What made you excited about coming to work today? I’m guessing it wasn’t the four page memo you had to write explaining your lost receipt. It is the discipline of development that pulled us in and keeps us around. So wouldn’t we be a happier and more engaged workforce if we spent more time grappling with the tough questions and strengthening our discipline?

women holding a sign
(l-r): Karishma Patel & Kat Cooley, DAI and Monalisa Salib, USAID LEARN
"Learning matters because...if I stop learning, am I really living?"

HUMILITY

This last one is related to how we see ourselves and the world in which we live. If we recognize that there is so much we have yet to understand about the contexts in which we work, how change happens, and how best to go about achieving results, we see a clear need for institutionalizing curiosity in our organizations. There is always another question, but how can we go about answering those questions without systematic, intentional, and resourced approaches to learning?

Melissa Patsalides, USAID/PPL

Melissa Patsalides, USAID/PPL, "Learning matters because we don't know everything."

woman holding sign

Suzanne Polak, USAID/RDMA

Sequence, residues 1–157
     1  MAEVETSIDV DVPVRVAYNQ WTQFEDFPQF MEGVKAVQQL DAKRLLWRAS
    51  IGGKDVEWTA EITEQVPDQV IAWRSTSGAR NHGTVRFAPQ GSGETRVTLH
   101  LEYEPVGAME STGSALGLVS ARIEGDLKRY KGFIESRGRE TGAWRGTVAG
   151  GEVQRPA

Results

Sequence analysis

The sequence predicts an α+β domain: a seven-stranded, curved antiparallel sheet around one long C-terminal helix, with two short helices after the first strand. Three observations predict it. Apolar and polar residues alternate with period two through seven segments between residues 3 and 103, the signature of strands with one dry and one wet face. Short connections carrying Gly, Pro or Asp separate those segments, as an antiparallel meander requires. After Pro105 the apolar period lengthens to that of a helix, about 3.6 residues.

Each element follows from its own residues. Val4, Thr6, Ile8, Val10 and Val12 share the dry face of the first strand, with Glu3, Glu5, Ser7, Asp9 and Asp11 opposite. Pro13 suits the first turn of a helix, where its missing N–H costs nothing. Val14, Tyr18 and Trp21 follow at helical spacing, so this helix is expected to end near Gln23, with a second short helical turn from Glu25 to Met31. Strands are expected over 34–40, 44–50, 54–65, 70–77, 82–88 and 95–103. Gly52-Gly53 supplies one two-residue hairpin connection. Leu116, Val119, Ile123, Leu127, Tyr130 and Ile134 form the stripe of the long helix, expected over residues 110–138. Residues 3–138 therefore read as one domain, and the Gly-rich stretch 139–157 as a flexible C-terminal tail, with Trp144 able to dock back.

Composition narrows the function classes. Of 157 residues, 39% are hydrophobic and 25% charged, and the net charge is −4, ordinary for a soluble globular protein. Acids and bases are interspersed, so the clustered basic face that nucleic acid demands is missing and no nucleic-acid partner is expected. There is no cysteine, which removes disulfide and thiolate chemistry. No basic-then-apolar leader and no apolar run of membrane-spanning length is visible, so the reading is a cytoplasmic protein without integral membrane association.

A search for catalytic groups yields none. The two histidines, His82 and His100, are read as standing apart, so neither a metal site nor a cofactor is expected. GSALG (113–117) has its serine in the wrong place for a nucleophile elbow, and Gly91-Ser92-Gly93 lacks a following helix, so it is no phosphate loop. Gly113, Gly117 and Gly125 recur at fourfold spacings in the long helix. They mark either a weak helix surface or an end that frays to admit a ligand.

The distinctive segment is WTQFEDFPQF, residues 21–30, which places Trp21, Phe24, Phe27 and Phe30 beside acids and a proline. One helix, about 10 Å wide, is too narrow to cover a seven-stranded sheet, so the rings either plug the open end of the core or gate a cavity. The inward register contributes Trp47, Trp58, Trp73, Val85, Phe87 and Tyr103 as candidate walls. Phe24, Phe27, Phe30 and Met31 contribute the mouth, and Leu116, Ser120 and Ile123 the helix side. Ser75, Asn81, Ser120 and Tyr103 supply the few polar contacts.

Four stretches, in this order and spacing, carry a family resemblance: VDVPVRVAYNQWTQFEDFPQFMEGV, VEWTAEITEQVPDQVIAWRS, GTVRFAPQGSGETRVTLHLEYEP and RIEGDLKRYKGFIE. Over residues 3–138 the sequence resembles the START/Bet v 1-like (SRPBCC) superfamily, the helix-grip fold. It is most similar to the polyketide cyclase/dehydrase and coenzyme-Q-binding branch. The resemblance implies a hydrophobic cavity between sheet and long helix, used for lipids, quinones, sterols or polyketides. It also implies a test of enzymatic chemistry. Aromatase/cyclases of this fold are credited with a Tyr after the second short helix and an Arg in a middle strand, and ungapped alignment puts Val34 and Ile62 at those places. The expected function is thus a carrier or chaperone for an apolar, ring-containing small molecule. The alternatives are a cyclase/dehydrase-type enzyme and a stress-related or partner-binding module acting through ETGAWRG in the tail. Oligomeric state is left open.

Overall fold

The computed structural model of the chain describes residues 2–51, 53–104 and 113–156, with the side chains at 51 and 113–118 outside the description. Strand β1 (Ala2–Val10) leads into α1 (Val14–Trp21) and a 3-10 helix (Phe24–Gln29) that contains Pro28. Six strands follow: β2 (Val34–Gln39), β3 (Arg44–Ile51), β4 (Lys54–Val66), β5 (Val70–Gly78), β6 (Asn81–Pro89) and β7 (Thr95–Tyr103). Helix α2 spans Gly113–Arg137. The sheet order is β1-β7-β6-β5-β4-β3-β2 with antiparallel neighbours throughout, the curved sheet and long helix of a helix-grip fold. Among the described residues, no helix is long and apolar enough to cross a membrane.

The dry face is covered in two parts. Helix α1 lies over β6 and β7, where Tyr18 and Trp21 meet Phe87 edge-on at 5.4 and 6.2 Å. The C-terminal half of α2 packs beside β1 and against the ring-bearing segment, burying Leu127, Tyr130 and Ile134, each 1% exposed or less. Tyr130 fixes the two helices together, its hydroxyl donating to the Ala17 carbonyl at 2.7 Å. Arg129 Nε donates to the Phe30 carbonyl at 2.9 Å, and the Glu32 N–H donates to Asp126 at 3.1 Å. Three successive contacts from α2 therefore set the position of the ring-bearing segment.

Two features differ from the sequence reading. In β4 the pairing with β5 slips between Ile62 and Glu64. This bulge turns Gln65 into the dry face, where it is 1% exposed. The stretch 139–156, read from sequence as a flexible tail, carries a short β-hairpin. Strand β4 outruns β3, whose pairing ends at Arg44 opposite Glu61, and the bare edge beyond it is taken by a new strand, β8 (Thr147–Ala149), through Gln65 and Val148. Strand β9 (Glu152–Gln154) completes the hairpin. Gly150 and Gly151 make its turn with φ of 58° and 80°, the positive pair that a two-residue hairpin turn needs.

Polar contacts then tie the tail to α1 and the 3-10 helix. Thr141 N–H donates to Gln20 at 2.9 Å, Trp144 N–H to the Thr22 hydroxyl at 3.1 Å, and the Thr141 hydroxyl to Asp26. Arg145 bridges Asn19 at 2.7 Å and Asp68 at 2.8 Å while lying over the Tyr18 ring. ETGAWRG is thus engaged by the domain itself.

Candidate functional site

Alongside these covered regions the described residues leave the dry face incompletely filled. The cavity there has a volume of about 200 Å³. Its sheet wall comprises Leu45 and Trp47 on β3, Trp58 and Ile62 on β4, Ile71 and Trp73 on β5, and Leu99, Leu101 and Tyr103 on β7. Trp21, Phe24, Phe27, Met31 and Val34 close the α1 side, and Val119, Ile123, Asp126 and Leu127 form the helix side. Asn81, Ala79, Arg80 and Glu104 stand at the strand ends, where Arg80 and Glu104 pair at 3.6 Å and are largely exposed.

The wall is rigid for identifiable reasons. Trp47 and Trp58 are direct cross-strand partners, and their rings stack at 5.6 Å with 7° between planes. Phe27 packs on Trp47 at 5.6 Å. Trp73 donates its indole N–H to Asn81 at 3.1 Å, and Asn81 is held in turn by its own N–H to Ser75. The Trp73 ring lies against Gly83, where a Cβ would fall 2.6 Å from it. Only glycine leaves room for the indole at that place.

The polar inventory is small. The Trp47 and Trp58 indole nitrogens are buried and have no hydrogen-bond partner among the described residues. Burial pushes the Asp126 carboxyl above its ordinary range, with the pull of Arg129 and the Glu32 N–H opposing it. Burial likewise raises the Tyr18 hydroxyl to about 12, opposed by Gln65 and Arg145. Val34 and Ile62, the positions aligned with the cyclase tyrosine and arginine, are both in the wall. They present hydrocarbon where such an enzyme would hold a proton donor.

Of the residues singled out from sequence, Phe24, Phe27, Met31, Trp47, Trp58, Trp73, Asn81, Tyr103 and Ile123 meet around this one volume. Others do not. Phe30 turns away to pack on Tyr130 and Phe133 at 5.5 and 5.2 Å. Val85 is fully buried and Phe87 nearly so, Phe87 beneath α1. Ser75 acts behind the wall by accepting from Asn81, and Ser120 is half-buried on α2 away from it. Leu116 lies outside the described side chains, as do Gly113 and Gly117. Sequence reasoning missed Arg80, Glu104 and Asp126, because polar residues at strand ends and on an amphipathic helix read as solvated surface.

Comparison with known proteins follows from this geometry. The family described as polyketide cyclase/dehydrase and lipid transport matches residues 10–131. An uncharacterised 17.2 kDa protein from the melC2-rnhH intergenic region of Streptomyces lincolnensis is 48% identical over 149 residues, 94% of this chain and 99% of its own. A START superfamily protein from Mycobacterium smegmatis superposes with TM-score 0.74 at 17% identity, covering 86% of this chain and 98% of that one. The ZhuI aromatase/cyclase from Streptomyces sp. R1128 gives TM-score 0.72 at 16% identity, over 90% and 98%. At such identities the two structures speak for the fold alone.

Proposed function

“Learning matters because there is always another question.”

woman holding sign 
Lauren Leigh Hinthorne, USAID/PPL
“Learning matters because there is so much that we do not understand (yet).”

Is My Organization’s Culture Conducive to Collaborating, Learning, and Adapting?

Feb 19, 2016 by Monalisa Salib Comments (2)
COMMUNITY CONTRIBUTION

This blog is part of ongoing series exploring USAID's CLA Framework.

An organization's culture is made up of all the norms—often unwritten and unspoken—that influence how we work and what we expect of ourselves and our colleagues. Organizational culture affects how we behave, interact, prioritize, and carry out our work. One way to think about organizational culture is to ask yourself:

  • What am I encouraged to do within my organization (either explicitly or implicitly)?